16.       Emphasized the importance of child survival and development through progressive reduction in the maternal mortality, infant mortality, neo-natal mortality, under-5 mortality and congenital disorders as well as their consequences for child development with the aim of achieving the unfinished agenda of the Millennium Development Goals and the relevant Sustainable Development Goals. Confirmed their commitment to a renewed effort in this area and to enhance collaboration through exchange of best practices.

17.       Acknowledged the need of greater use of Information and Communications Technology in Health services to promote cost-effective treatment as well as better maintenance and use of data for surveillance and policy formulation. They encouraged to strengthen cooperation amongst the BRICS countries to share experiences in ICT projects for health including mHealth.

                             

18.       Welcomed the recent agreement in the WHO Member State Mechanism in relation to the Working Definitions on SSFFC medical products, in particular, to the consensus on deleting the word ‘counterfeit' as it usually refers to IP violations, and excluding any consideration of patents/trade mark or other IP issues while defining ‘falsified' medical products.

 

19.       Reiterated their support for the further development of a fully functional WHO Global Observatory on Health R&D and for the implementation and financing of all the selected demonstration projects. They also underscored that the priority setting mechanism and financing mechanism on health R&D should cover the full scope of diseases mentioned in the CEWG report including all Type II and III diseases and specific R&D needs of developing countries relating to Type I diseases, while upholding the guiding principle of the de-linkage of the cost of research and development and the price of health products.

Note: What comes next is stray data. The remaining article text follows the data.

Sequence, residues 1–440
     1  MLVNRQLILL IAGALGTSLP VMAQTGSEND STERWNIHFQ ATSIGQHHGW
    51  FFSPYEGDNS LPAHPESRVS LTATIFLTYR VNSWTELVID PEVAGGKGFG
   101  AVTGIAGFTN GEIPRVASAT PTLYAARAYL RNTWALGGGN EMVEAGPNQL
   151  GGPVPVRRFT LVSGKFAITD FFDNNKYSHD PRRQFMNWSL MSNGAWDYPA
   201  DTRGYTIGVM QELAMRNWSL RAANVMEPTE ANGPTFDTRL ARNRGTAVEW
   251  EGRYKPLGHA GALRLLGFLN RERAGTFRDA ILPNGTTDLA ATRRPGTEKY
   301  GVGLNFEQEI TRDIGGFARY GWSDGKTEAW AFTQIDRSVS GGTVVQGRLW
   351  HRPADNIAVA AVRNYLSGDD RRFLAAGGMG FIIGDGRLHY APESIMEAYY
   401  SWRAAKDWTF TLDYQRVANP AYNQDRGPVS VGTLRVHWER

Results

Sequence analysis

20.       Agreed to cooperate for combating mental disorders, including autism and neuro-development disorders, through a multi-pronged approach encompassing a mental health policy, a life cycle approach to address the needs of such individuals throughout life, sharing of innovations in the field of mental health promotion, diagnosis and management and exchange of best practices and experiences.

 

21.       Agreed to enhance cooperation amongst the BRICS countries for capacity development of human resources in public health and clinical medicine. Welcomed the recommendations of the UN High Level Commission on Health Employment and Economic Growth, and looked forward to development of an implementation plan, to amplify gains across the 2030 Agenda for Sustainable Development and with a view to delivering Universal Health Coverage.

 

22.       Agreed to establish platforms for collaboration within BRICS framework and with other countries and international partners with a view to realizing the goals and objectives outlined in this as well as in the past Declarations and Joint Communiques.

23.       Adopted the action plans on specific areas of cooperation· as recommended by the Senior Health Officials meeting held on 15-16 December 2016 in New Delhi.

24.       Resolved to continue cooperation in building, responsive, inclusive and collective solutions for sustainable development including in the sphere of health.

 

25.       Thanked India for successfully hosting the 6th BRICS Health Ministers meeting and agreed to convene the 7th BRICS Health Ministers meeting and Meeting of Senior Health Officials in China in 2017.

 

*Action Plans on Strengthening surveillance systems, AMR, NCDs, Regulatory collaboration, Drug Discovery & Development, Research collaboration for TB, HIV and Malaria and Information and Communications Technology in healthcare,

MV

 

 



[1] Moscow Declaration of the BRICS’ Health Ministers meeting in October 2015, Brazilian Communiqué of the BRICS Health Ministers Meetings in Brasilia on 5th December 2014 and Beijing and Delhi Declaration and the Cape Town Communiqué of the BRICS Health Ministers Meetings in 2011 and 2013 and the Joint Communiqué of the BRICS Health Ministers in Geneva on 20th May 2013 on the sidelines of the 66th session of the World Health Assembly and the Joint Communiqués of BRICS Member States on Health issued on the sidelines of the 67th, 68th and 69th World Health Assemblies in May 2014, May 2015 and May 2016 respectively.

 


(Release ID :155596)